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Serena Williams Just Opened Up About What It’s Like To Give Birth As A Black Woman

Serena Williams is a lot of things. She’s the greatest tennis player of all time. She’s a model, a Vogue cover model, and a role model. And, as of last September, she’s a mom, giving birth to her first child, a daughter named Alexis Olympia Ohanian.

While that’s certainly joyous and wonderful, the birthing process was extremely harrowing and unpleasant for the tennis legend. The pregnancy was relatively smooth, but during delivery, Williams’ heart rate plummeted and Alexis had to be born via Caesarean section. And then, owing to a medical history of blood clots, Williams suffered a pulmonary embolism—blood clots in the lungs. They were safety treated, but then Williams was back under the knife when a coughing fit resulted in a C-section scar popping open. While operating, doctors found a hematoma—swelling and blood clots—in her abdomen. That required even more surgery. All told, Williams was bedridden for six weeks.

That’s all nightmarish, of course, but this week, Williams wrote on Facebook about how she received a lot of comments from other women who had gone through similar ordeals, particularly other African-American women.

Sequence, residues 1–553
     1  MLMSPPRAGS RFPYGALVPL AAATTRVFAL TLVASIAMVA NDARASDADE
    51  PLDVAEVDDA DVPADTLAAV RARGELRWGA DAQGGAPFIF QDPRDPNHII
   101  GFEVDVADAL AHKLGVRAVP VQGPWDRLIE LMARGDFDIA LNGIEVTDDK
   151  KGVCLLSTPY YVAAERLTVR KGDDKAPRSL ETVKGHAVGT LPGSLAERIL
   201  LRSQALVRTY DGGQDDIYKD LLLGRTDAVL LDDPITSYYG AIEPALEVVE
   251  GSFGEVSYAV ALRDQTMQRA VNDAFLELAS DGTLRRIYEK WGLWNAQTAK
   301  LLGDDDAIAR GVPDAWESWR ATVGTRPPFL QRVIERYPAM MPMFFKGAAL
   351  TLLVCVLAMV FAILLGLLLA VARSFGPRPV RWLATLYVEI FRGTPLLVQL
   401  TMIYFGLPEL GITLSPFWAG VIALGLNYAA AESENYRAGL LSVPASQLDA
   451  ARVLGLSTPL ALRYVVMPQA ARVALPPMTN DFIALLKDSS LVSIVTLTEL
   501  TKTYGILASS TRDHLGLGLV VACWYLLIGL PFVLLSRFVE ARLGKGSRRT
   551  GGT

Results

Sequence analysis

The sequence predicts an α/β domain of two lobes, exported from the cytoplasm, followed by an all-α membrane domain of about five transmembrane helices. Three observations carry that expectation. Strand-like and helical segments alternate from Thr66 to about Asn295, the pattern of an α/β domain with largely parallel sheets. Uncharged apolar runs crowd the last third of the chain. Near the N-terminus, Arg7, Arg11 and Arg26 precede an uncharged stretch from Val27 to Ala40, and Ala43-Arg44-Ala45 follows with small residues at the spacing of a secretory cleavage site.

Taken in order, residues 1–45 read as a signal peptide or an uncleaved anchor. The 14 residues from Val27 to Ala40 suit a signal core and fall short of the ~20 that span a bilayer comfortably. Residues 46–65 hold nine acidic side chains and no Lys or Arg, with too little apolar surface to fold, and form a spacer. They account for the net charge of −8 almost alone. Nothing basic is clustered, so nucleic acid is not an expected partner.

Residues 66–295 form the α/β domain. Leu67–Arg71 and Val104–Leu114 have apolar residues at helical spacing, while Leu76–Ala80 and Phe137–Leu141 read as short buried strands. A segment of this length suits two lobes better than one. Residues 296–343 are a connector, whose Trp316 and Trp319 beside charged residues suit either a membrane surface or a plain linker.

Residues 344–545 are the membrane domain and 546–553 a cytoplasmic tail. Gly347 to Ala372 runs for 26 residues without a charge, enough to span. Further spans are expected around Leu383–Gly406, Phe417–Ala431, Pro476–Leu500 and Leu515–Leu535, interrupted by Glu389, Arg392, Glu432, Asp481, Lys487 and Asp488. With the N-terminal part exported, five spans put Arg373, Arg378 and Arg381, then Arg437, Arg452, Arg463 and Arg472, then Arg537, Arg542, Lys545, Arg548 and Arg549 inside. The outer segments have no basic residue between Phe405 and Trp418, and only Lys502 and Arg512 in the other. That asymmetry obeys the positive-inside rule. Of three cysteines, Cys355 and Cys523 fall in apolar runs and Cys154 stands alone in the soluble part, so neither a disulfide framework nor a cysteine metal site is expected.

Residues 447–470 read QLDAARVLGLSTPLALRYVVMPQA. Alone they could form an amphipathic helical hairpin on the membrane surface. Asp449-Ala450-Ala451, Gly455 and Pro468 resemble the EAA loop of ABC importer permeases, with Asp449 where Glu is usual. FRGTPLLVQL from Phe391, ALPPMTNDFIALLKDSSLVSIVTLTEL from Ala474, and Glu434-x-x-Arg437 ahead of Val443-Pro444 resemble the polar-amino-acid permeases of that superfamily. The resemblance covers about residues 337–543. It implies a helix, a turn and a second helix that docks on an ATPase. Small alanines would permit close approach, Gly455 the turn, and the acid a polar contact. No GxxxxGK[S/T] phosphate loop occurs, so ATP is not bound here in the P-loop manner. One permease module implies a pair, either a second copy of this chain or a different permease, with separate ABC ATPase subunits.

In addition to a cute video of her baby daughter, Williams writes:

I didn’t expect that sharing our family’s story of Olympia’s birth and all of complications after giving birth would start such an outpouring of discussion from women — especially black women — who have faced similar complications and women whose problems go unaddressed.

These aren’t just stories: according to the CDC, (Center for Disease Control) black women are over 3 times more likely than White women to die from pregnancy- or childbirth-related causes. We have a lot of work to do as a nation and I hope my story can inspire a conversation that gets us to close this gap.

Let me be clear: EVERY mother, regardless of race, or background deserves to have a healthy pregnancy and childbirth. I personally want all women of all colors to have the best experience they can have. My personal experience was not great but it was MY experience and I’m happy it happened to me. It made me stronger and it made me appreciate women — both women with and without kids — even more. We are powerful!!!

I want to thank all of you who have opened up through online comments and other platforms to tell your story. I encourage you to continue to tell those stories. This helps. We can help others. Our voices are our power.

Williams’ call to awareness was met with huge support on social media, where many women shared their own pregnancy stories.

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